Chase Claypool’s Facebook Post Helped Him Become a Pittsburgh Steelers WR
Let’s just say Chase Claypool didn’t take the conventional route to become a wide receiver for the Pittsburgh Steelers. He wasn’t getting a whole lot of attention in high school so he took matters into his own hands. Claypool, a 6-foot-4, 238-pound wide receiver, wound up getting several big-time college offers and then eventually became a second-round pick in the 2020 NFL draft. It all started with a Facebook post.
Who is Chase Claypool?
Chase Claypool grew up in Abbotsford, British Columbia, and played football “for fun” while growing up. He was more into basketball and he was very good at it. If anything, Claypool figured if he played any sport at a high level it would be basketball.
As a senior in high school, Claypool averaged better than 40 points per game, according to the Pittsburgh Post-Gazette. He was getting scholarship offers for some small Division 1 schools. Deep down, however, Claypool loved football more. Canada wasn’t really known for producing big-time Division 1 college football players.
“I certainly had an interest in basketball, especially when I was getting better,” Claypool told the Post-Gazette. “But no matter how many times I picked up basketball as a hobby, I always gravitated back to football. And that is something I couldn’t say for anything else. Football was just home for me. It was my comfort zone. It was kind of a gut feeling that football was the sport for me.”
Claypool had to market himself
Chase Claypool knew he wanted to give football a shot at the next level. While he was thriving on the basketball court and generating some college interest, nothing was happening football-wise. He had zero football offers after his junior year. He decided to take the matter into his own hands and try social media.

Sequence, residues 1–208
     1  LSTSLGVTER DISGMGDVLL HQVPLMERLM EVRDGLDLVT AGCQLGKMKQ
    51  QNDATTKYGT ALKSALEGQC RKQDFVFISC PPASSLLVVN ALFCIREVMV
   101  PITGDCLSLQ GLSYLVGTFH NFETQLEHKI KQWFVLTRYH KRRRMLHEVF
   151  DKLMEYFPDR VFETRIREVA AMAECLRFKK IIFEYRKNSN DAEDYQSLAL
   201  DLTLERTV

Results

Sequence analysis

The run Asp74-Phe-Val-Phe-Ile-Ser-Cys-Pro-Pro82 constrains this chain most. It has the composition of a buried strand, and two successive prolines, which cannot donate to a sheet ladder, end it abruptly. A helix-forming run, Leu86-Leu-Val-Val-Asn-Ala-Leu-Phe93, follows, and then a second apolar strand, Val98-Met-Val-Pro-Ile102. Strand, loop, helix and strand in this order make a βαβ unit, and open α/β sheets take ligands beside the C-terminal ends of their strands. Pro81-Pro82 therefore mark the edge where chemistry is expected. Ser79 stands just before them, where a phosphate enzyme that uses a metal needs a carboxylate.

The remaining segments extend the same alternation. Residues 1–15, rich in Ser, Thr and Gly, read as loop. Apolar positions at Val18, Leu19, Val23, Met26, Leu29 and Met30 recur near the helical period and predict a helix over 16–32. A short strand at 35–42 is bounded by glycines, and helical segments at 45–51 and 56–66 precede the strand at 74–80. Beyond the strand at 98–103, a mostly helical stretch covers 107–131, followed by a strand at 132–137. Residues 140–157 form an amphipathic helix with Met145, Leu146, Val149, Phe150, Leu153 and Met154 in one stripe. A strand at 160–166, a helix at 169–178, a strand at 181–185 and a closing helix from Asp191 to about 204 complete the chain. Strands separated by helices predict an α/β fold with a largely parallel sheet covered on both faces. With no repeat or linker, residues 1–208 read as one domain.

“I wasn’t really aiming to get a (Division 1) offer just because it almost was impossible and kind of out of reach already, being a junior and having no offers,” Claypool said in The Observer. “So I just kind of threw up my film on Facebook — just something that I did for fun — and then (my AAU seven-on-seven football coach) saw it and sent it to some people. … So it kind of happened by fluke.”
Claypool’s post generated an offer from Nevada and then it grew from there. “It was surreal,” Claypool said of getting that first offer. “ … I hung up and I asked my mom, ‘Is this real? Like I don’t know.’ And then I started doing all my research on Nevada and was like, ‘This could be my only one,’ so I was making sure I knew everything about the school.” In the next few months, he fielded offers from big-time schools such as Michigan, Notre Dame, and Oregon. Prior to the start of his senior year, he committed to Notre Dame.
He made his way to the NFL
Chase Claypool overcame several challenges growing up, including having to deal with his sister’s suicide when he was 13. “I think it gives me reason,” he said in The Sporting News. “And now, I look at it as she is always looking down at me. Before I do something, I ask myself, will this make her proud? If not, then I need to change it. My mindset is to make her proud.”
These days, he’s making everyone proud. He made a very strong impression at Notre Dame, where he had 13 touchdowns and 1,037 receiving yards in his senior year. “The first thing you notice is this giant,” said Notre Dame receivers coach Del Alexander in the Post-Gazette. “He’s this athlete that can move and bend. But then you’re surprised to see a guy like him be as nasty and aggressive as he is. It’s not something you normally see with someone with his skills.”
In the 2020 NFL draft, the Pittsburgh Steelers selected Claypool in the second round with the 49th overall pick. At every level, Chase Claypool has answered the challenge. Look for him to keep making his sister proud.